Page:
In this example here we see Kevin De Bruyne initially dropping deeper to form a double pivot, which helps to commit Arsenal players higher and also helps to overload any single player who may be responsible for pressing a pivot. We see here Arsenal are forced to temporarily commit a winger to mark the left-sided player. This is something we will discuss in detail regarding Klopp’s press and how teams look to exploit it.
Here is a really nice example of dropping deep to receive, with Gabriel Jesus this time dropping very deep. We see a central midfielder moves forward behind the opposition midfield line, while Jesus runs from the blindside of both potential midfield markers. Gündoğan, currently acting as a single pivot, is in the cover shadow of the Arsenal striker Eddie Nketiah. Jesus’ blindside run means he is able to receive with more time, and Gündoğan is able to access. City then have players positioned and spaced well in higher areas who can exploit and utilise space intelligently.
In more advanced areas, it is all about Manchester City’s positional play tactics and their ability to create space and dilemmas for opposition defenders. Players generally provide width, height, and occupation of the half-space in order to space effectively, but individual dilemmas are created for defenders through effective positioning, as we can see below from an example in a game against Burnley.
The full-back provides width while the inside forward occupies the half-space. Burnley’s right-winger can’t move wide or they open the half-space and can’t commit too centrally or leave the wide area open. Likewise, the central midfielder can’t do the same, while the centre back can’t push forward straight away to mark, as this would offer space in behind for the striker. City provide width which in turn helps to open the half-space, and also have central occupation and height offered. Of course, the more players committed in higher areas, the easier it is to create an overload.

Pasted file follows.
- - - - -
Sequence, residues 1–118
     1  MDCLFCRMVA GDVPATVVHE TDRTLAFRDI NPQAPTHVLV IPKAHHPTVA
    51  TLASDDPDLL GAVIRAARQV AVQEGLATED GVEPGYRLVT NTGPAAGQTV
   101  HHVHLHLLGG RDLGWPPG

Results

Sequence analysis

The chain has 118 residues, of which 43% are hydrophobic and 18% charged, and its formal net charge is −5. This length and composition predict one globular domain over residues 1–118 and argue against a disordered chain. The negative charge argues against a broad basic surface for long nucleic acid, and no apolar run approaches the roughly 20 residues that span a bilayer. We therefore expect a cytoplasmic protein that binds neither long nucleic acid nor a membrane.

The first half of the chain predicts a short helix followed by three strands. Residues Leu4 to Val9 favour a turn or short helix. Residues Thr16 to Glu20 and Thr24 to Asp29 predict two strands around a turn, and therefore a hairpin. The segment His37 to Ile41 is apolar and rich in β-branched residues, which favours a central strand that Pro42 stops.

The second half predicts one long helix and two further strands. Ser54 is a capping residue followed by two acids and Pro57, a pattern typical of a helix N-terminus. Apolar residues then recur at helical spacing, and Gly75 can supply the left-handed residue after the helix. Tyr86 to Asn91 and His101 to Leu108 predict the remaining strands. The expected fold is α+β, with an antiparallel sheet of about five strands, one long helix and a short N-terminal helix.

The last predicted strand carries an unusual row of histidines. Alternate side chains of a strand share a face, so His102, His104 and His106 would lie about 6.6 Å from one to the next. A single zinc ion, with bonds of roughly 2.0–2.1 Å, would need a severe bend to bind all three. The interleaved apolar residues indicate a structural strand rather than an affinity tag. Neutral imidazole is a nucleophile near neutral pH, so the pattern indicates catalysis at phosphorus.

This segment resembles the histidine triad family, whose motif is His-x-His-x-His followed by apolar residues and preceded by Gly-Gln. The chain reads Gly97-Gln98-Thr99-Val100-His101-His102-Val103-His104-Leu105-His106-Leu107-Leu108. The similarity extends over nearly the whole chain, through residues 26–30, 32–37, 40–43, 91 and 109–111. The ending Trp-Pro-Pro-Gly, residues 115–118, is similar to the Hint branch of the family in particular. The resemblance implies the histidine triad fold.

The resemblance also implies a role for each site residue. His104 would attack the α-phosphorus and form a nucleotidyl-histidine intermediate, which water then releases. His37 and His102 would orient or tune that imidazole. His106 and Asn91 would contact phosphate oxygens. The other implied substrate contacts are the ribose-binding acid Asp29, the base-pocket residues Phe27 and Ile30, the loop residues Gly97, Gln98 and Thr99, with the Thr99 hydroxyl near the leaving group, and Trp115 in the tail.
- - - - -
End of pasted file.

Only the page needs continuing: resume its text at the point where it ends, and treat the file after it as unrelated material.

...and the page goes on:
We see City here again provide width while utlising the half-space, with the overload in the half-space forcing the Arsenal full-back into a more narrow position, which helps to create space out wide. The Arsenal midfielder also seems to be pinned deeper in order to protect the half-space. Of course, to nullify these overloads, teams need their own numbers back, which is obviously why teams generally sit deeper against City. Chelsea opted for a midfield five in their recent game, with the aim behind this being to nullify overloads in the second line, which they were able to do very successfully. We’ll now move onto how Liverpool are likely to set up out of possession, and on an area of potential weakness they can exploit.
Liverpool’s press against the build-up
In away matches against Manchester City, Liverpool tend to press in more of a mid block, with the formation switching between a 4-4-2 and 4-3-3 often depending on the height that Sadio Mané presses at. Liverpool’s pressing scheme should be well known by now, with the side focused on forcing the opposition centrally using the inside forwards. We can see a scene below from Liverpool’s visit to the Etihad last season that illustrates Liverpool’s pressing in a mid-block well.